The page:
POLITICS

Nova Scotia to strengthen rules for new drivers under graduated system

10/23/2014 02:03 EDT | Updated 12/23/2014 05:59 EST
HALIFAX - It would take longer for drivers in Nova Scotia to become fully licensed and those drivers would not be allowed to have any alcohol in their system for two years under legislation introduced by the provincial government Tuesday.

Amendments to the province's Motor Vehicle Act would see the minimum time to complete the beginner phase of the graduated licensing program from six months to one year and drivers would have to maintain zero blood alcohol content for two years after they complete the program.

Supervisory drivers would have to be fully licensed for at least two years after they complete the program instead of being immediately eligible to supervise a beginning driver as they are now.

Transportation Minister Geoff MacLellan said the changes mark the first time the graduated licensing program has been improved since its inception in 1994.

"They will help to instill good driving habits and behaviour early with our ultimate goal to reduce the number of crashes and fatalities on our roads and highways," said MacLellan.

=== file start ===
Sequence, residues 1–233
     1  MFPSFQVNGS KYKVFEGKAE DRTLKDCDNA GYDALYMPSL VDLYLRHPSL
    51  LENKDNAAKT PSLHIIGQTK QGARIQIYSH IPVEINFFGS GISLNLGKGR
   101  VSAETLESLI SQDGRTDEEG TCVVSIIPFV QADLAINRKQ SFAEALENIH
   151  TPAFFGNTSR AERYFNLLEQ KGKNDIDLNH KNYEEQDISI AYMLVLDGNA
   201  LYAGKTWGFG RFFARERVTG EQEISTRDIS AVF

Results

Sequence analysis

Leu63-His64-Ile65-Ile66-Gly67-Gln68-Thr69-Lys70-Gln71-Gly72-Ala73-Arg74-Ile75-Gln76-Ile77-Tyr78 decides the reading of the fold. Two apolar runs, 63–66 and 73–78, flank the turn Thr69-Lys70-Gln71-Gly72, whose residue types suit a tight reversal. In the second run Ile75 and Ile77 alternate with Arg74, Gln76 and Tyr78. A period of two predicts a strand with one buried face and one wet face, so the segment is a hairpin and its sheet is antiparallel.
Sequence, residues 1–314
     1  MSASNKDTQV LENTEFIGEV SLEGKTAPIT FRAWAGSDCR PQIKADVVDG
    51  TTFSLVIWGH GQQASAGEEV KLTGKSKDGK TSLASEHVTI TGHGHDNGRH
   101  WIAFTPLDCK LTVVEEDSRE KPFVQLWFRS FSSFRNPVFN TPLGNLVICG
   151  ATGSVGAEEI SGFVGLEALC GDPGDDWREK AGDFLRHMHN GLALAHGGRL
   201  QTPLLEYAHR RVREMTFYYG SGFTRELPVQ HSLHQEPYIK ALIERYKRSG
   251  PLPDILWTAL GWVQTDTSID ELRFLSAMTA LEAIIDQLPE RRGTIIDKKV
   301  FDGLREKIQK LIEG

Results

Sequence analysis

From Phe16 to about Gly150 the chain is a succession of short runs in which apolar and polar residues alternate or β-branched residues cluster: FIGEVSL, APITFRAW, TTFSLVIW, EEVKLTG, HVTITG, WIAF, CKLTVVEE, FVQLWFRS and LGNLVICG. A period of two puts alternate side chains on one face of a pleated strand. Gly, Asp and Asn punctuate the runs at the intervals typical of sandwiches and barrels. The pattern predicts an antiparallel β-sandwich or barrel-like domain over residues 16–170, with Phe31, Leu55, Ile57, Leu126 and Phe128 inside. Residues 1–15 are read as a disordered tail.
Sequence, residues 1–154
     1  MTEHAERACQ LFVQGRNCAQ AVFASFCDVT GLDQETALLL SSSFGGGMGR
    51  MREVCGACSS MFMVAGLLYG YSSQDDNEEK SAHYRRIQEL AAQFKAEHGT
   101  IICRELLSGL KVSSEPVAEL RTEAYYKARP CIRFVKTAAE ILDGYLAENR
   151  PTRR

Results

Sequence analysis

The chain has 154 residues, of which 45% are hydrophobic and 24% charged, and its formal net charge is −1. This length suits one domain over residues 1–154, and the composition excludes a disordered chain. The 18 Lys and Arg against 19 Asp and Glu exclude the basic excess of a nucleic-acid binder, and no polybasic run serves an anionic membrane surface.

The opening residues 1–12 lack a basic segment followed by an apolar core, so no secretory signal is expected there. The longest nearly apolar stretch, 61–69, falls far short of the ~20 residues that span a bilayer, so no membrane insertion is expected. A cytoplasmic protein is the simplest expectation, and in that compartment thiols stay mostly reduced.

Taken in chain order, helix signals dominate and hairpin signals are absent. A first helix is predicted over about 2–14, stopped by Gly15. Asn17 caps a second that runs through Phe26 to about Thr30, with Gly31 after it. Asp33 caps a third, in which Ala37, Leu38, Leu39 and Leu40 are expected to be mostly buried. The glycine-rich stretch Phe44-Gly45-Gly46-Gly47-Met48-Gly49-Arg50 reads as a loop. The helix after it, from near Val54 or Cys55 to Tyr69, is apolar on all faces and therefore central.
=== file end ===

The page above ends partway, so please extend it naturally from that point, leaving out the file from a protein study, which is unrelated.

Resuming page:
Drivers who have permanently lost their licences following a fourth conviction for impaired driving would also be allowed to apply for reinstatement. The change would not apply to more serious offences such as manslaughter.

Andrew Murie of Mothers Against Drunk Driving Canada supports changes, saying they would put Nova Scotia's graduated licensing system in line with those in other provinces such as Ontario and Quebec.

Murie said although many in the public may see it as counter-intuitive, his organization has been pushing for the provision that would remove the requirement to permanently revoke the licences of people with four convictions.

He said the change would enable better monitoring of people with convictions who drive regardless, often without insurance.

"This is good public policy," he said.

But NDP member Sterling Belliveau said the fact there is no provision requiring supervisory drivers to be sober is a major hole that should be addressed before the bill is passed.

"That individual should be qualified to make split-second decisions and it's crucial when you have a junior or inexperienced driver," he said.

MacLellan said the government received legal advice that it could be problematic to get blood alcohol readings from a passenger. But he said the issue will be considered as the government ponders more changes to graduated licensing in the future.